What I still find difficult, especially when assisting sensei instead of leading the class is to distinguish between the students that want to be helped and the ones that refuse pointers and good advice… The problem is that I tend to reason from my own perspective: if I made a mistake I'd want someone to alert me to it so I can correct myself and grow. However some people just want to be left alone or are so sure of themselves they think they know what they're doing, even if it's clear they don't. Apparantly some people find it difficult to accept feedback from a mere brown belt, especially if they have some experience in another art, I'm curious to see whether that will change when I get my shodan.

    Back to the main topic: our organization runs assistent-courses and instructorcourses on two levels (B and A), aswell as one for teaching the sports-variant of JJ. If I have more time I'd like to take an assistent-instructor course since it'll give some extra credibility (not that you really need it to teach: ability and having the proper belt are still the most important things) and it'll probably be interesting. It runs for about 10saturdays in a row and the topics are: first aid, basic human anatomy, applicable legal topics (accountability, legal self-defense, weapon-laws), basic techniques, sports-physiology and all sorts of pointers on basic techniques and exercises. I still think you learn the most from your own sensei and the feedback you get from your students but I'm sure it'd be an interesting experience and it's nice to be able to present some sort of official degree pertaining to the activity you're involved in. If something goes wrong and someone gets injured it's an extra factor in proving your innocence in the matter.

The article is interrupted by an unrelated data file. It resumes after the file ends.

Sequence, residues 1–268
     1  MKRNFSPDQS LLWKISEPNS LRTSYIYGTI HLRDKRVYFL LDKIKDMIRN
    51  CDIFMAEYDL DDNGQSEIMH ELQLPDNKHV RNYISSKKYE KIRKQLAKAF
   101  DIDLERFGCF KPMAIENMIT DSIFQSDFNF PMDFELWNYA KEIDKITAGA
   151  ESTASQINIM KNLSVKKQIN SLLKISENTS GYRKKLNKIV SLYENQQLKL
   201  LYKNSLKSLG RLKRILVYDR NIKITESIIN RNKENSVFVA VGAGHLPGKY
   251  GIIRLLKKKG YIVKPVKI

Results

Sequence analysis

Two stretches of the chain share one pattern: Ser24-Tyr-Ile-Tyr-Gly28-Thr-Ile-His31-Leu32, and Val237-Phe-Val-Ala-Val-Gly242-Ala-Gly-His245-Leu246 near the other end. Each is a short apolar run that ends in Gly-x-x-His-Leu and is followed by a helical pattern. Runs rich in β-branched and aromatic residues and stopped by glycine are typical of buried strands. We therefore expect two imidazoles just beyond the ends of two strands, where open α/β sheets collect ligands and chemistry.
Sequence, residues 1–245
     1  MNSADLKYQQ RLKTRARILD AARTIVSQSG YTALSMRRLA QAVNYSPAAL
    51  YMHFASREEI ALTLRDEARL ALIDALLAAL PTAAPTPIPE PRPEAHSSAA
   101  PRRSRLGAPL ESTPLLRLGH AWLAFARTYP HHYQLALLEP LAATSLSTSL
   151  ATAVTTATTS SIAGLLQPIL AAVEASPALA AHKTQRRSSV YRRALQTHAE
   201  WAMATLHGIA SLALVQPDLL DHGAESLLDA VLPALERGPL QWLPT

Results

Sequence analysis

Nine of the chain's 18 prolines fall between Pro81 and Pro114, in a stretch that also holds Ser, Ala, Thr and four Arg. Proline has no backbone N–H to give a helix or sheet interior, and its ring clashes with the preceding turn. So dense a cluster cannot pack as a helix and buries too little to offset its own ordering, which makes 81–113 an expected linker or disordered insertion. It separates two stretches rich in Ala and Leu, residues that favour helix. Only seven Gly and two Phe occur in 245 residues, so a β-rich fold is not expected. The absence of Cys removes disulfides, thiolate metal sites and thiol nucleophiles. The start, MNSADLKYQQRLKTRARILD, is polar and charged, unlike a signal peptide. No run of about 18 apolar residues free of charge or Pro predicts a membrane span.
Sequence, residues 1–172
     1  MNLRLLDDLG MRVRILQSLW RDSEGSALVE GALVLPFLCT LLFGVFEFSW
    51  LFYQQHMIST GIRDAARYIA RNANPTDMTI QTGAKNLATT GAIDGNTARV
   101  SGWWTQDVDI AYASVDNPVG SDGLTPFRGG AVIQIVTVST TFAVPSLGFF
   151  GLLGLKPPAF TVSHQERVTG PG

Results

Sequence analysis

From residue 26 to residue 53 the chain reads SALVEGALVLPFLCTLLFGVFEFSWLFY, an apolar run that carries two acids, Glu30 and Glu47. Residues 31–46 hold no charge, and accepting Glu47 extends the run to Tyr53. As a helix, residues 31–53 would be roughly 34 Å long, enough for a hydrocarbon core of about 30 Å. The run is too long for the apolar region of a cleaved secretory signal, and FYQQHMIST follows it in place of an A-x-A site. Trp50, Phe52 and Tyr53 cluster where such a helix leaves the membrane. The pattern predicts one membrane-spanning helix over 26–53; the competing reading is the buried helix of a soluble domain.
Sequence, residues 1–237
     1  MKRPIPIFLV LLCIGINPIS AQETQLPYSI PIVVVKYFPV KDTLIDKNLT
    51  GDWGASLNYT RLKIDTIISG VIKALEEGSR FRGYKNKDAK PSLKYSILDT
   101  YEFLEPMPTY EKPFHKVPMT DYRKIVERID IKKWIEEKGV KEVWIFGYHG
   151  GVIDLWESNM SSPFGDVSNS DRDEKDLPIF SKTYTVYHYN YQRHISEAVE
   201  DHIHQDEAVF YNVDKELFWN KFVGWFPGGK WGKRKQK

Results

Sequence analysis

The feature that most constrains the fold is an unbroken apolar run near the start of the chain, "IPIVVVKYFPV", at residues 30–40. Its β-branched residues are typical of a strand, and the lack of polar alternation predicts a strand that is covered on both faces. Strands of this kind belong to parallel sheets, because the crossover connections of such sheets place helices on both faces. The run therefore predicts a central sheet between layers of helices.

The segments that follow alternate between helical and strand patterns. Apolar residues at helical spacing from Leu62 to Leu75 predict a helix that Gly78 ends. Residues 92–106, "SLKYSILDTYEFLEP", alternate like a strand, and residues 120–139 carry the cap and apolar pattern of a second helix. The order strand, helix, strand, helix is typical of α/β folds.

PS: whether our approach helps to impart the necessary leadership-skills I don't know, you'd have to ask our students. For me I just do my best and let God take care of the rest. At least untill I find the time to complete that assistent-instructor course 😉

  2. I've answered your question, now I have one for you: what qualities should a good teacher posses? In addition you could ask whether these qualities are innate or can be developped from scratch… Personally I don't think everyone is cut out to be a teacher, just as there are certain people that will never become good fighters no matter the amount of training they receive. Fate deals the cards and we play the best we can.


  3. Zara,

    Certainly some people have innate skills that make them a better teacher than others without training, a natural ability to show empathy and communicate in a way that speaks to both groups and a wide variety of individuals.

    This is also true of other skills too. Take math for example. I don't have the greatest math skills, mostly due to lack of motivation and interest. I was, however, able to learn the basic skills I needed to get by. While people who lack natural social and communication skills may find it harder, if they are motivated to learn they too can learn certain concepts and communication techniques to make them better instructors. They aren't likely to be as good as those with natural skills, but they can still learn to be helpful.